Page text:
I have only seen Doyle onstage once before, during a Graves-era Misfits show on Halloween of 1999. If he was big then he's downright huge now. Doyle was in his classic modern-era Misfits garb with Crimson Skull armbands replaced with his own personal logo. Entirely muscles and menace, Doyle tore into "Death Comes Ripping," segueing almost immediately into "Vampira."By the time the band finished "I Turned Into a Martian" Glenn was grinning for ear to ear and offered the audience a say in the next number. He threw out "London Dungeon" and "We Are 138" as choices but the audience roared in approval at the prospect of "Skulls" and that's what they got. Next, Glenn proposed "Bullet" and "Earth A.D." before the crowd finally went crazy for "Astro Zombies." An audience-led "Last Caress" finished up Doyle's appearance and Danzig concluded their set with a stellar "Soul on Fire" and, of course, "Mother."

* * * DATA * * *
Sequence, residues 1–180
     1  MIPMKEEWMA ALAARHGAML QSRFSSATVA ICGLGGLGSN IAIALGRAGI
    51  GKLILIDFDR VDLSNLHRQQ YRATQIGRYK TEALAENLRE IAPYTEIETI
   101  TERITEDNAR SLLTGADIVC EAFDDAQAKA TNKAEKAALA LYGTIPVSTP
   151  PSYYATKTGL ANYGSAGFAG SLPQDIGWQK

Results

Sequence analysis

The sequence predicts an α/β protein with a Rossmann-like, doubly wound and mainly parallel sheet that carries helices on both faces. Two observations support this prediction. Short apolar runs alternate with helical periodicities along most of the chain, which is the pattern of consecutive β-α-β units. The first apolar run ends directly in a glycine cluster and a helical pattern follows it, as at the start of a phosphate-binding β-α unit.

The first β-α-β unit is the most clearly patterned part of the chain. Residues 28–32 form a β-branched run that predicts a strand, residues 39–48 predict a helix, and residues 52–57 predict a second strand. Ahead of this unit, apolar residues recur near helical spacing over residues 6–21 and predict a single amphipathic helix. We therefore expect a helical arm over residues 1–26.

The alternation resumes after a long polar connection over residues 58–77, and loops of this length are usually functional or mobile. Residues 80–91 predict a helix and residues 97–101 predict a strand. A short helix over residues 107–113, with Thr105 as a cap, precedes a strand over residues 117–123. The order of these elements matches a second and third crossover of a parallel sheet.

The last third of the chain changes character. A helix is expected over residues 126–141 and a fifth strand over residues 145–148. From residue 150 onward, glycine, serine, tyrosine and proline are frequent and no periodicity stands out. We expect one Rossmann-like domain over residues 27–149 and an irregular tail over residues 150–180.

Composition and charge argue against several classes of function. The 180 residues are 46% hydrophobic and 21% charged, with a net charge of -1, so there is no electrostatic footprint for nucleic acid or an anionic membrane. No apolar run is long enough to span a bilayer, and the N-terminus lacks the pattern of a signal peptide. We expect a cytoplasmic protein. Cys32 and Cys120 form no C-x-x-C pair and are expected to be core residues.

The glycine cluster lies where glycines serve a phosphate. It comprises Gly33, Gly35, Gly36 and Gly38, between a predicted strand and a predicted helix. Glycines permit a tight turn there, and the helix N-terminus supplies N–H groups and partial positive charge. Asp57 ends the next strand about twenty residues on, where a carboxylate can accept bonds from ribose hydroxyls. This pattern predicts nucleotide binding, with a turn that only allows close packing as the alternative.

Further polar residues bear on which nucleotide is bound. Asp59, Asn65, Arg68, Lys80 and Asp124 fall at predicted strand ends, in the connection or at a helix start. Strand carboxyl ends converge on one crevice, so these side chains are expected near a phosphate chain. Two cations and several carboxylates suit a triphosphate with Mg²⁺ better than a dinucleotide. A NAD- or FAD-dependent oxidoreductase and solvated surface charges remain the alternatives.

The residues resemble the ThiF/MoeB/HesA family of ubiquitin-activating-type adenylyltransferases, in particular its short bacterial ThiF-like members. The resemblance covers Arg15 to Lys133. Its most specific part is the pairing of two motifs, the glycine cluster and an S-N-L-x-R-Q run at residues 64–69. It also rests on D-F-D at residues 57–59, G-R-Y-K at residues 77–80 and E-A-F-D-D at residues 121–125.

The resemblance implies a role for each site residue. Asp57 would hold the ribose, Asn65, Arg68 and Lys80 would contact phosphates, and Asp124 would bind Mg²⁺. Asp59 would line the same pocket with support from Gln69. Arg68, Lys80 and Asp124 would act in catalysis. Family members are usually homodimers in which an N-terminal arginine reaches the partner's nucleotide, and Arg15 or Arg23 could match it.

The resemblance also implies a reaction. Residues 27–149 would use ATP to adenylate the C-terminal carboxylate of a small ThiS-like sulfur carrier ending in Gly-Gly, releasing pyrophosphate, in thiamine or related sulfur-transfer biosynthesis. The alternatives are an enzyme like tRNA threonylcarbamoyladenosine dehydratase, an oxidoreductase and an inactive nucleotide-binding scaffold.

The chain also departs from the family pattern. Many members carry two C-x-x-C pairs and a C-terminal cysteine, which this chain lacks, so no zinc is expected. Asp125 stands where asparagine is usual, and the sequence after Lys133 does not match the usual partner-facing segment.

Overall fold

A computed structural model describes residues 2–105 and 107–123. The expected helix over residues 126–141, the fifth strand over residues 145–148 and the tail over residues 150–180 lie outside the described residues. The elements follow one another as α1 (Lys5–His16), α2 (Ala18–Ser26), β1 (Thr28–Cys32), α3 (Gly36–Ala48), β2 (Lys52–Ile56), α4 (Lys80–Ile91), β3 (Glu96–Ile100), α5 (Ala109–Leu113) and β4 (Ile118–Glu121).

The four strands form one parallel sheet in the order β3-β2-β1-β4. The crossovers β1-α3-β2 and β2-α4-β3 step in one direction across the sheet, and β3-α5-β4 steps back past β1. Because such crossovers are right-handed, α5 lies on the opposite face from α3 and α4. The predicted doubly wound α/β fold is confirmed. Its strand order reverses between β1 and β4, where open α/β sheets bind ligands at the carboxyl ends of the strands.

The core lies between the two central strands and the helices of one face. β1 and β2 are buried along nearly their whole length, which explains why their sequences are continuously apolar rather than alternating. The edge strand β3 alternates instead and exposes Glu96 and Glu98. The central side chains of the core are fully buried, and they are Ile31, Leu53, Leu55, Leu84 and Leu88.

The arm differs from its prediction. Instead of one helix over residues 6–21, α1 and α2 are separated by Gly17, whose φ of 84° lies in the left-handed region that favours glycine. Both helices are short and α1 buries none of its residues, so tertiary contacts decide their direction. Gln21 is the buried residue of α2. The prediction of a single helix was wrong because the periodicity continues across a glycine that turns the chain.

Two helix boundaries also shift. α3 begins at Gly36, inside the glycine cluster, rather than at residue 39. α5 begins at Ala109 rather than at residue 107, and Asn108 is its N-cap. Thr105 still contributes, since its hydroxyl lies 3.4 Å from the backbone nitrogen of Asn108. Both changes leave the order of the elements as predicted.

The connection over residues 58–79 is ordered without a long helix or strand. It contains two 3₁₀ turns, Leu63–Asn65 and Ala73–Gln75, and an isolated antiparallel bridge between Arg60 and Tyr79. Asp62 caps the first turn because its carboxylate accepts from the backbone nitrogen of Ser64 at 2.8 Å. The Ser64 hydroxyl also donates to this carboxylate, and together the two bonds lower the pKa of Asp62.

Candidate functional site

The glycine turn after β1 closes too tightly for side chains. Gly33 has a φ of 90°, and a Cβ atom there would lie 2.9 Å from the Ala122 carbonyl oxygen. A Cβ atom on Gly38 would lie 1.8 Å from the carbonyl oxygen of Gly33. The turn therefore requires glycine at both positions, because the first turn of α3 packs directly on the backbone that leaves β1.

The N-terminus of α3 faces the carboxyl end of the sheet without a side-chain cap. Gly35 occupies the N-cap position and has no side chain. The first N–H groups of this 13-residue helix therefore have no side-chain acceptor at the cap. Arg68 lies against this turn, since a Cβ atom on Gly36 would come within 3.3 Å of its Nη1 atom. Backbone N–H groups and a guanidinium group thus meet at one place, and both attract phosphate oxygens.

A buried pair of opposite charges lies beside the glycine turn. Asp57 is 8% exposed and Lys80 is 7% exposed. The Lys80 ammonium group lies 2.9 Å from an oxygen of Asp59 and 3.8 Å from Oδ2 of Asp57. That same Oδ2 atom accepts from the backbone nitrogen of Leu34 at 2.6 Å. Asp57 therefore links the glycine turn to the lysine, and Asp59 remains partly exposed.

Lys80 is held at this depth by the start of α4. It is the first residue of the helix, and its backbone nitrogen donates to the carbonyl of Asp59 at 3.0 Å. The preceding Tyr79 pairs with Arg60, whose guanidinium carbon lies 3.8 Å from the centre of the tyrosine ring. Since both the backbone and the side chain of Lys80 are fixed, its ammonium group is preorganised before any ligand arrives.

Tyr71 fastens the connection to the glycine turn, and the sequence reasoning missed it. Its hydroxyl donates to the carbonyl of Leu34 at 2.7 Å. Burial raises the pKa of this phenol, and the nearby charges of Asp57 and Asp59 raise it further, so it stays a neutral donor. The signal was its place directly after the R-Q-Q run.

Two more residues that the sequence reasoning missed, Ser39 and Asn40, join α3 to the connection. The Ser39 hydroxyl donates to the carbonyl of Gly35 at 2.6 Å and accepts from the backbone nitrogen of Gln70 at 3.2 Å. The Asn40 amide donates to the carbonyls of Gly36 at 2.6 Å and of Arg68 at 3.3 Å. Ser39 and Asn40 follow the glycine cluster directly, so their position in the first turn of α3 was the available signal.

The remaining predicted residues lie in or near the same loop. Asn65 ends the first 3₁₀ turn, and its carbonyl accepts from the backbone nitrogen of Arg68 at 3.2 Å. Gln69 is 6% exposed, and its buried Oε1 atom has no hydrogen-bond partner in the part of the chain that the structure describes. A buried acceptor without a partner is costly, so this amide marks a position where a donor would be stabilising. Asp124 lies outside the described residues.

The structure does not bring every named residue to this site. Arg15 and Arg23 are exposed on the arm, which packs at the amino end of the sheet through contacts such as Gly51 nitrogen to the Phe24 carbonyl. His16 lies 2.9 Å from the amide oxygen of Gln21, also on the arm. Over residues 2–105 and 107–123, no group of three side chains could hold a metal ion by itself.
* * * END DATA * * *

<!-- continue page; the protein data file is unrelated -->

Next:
The obligatory encore followed with Glenn stating he often allowed the audience to choose the last number but that an autograph-seeking fan had requested "She Rides." Whether this is true or not, it was an effective, unexpected addition and a nice return to the very blues-heavy roots of that eponymous first album. Doyle reappeared for a breakneck "Die, Die My Darling" and the band exited for the evening after a brilliant 90-minute performance. I snapped off a few blurry shots during "Die, Die My Darling" because, at that point, the place was berserk and the worse that could happen would be a 60-second headstart on the rest of the mob.